Bill Keenist tells students to get involved 2011.05.18
By DAVID GREEN
Everyone faces adversity in their life—some more than others, some worse than others, but everyone will have some tough times.
How you respond to the troubles will color your life and determine your future.
That was the message presented Friday by Bill Keenist, senior vice president of communications for the Detroit Lions.
Keenist spoke to Morenci’s seventh through twelfth graders at the invitation of Taz Wallace, the school’s athletic director. The two met when Keenist’s son played football at Adrian College.
For Keenist, a big challenge came in his junior year of high school when a knee injury put an end to playing football, his favorite sport.
He wallowed in his misery until a friend snapped him out of it by suggesting that he work for the school newspaper.
“If you can’t play sports, write about it,” his friend suggested.
He did and possibilities blossomed, eventually leading to the career he has today with the Lions.
“When adversity hits, accept it as an opportunity for growth,” Keenist said. “Do we quit and back off or do we move forward?”
It’s a guarantee that challenging, adverse situations will arrive; it’s a person’s reaction that can bring growth and gain.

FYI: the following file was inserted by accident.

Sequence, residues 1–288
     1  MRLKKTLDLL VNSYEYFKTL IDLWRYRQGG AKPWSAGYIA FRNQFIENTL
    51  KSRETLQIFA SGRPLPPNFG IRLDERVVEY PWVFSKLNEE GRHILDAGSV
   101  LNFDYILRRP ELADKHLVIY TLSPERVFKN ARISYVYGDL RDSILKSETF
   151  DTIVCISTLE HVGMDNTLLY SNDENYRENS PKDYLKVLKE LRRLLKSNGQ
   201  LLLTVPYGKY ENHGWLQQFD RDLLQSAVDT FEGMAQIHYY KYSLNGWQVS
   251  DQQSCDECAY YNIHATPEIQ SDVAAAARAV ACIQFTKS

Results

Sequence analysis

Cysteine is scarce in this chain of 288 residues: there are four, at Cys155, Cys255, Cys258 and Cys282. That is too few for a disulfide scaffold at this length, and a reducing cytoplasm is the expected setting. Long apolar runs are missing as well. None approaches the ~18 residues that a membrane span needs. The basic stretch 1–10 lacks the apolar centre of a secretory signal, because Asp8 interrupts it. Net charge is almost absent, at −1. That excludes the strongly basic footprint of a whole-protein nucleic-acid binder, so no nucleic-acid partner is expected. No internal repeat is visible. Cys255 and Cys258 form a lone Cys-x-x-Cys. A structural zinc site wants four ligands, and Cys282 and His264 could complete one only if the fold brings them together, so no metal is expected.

Making mistakes is easy, Keenist said, and there’s only one way to prevent that: Sit in the bleachers and do nothing.
“It’s easy not to compete,” he said, framing life’s challenges in terms of athletics, “but that’s not life. You need to enter the game and compete.”
Keenist, a 25-year veteran with the Lions organization, spoke about the extra effort made by running great Barry Sanders. Long after everyone had left to go home, Sanders was still in the training room.
“He was making himself better when no one was looking,” Keenist said. “He did the right thing when no one was looking.”
It’s easy to do the right thing when others are around, but when the lights are out and it’s only you—that shows integrity.
Doing the right thing, he added, is often not the popular thing, and its rewards may be months or years down the road. The commitment to do right shouldn’t be made to a teacher or a coach, he said, but to yourself.
“Every day you have the opportunity to be part of something,” Keenist said, and he urged students to get involved in school activities. He was pleased to see there was a band member among the players on the small football team.
Keenist, a board of education member with the Oxford school district, spoke of the cliques that have long been present in schools, and of how he sees through them.
“There’s no such thing as the cool clique,” he said. “It’s all one clique. Through all of your differences, you’re very much alike.”
The world is a very diverse place, he said, but underneath we’re all very similar with shared likes, dislikes and concerns.
“This is a special, special time in your lives,” Keenist told his young audience. “Take advantage of it. Get involved. Don’t be afraid to fail. We’ll all face adversity, but we keep getting back up on our feet.”
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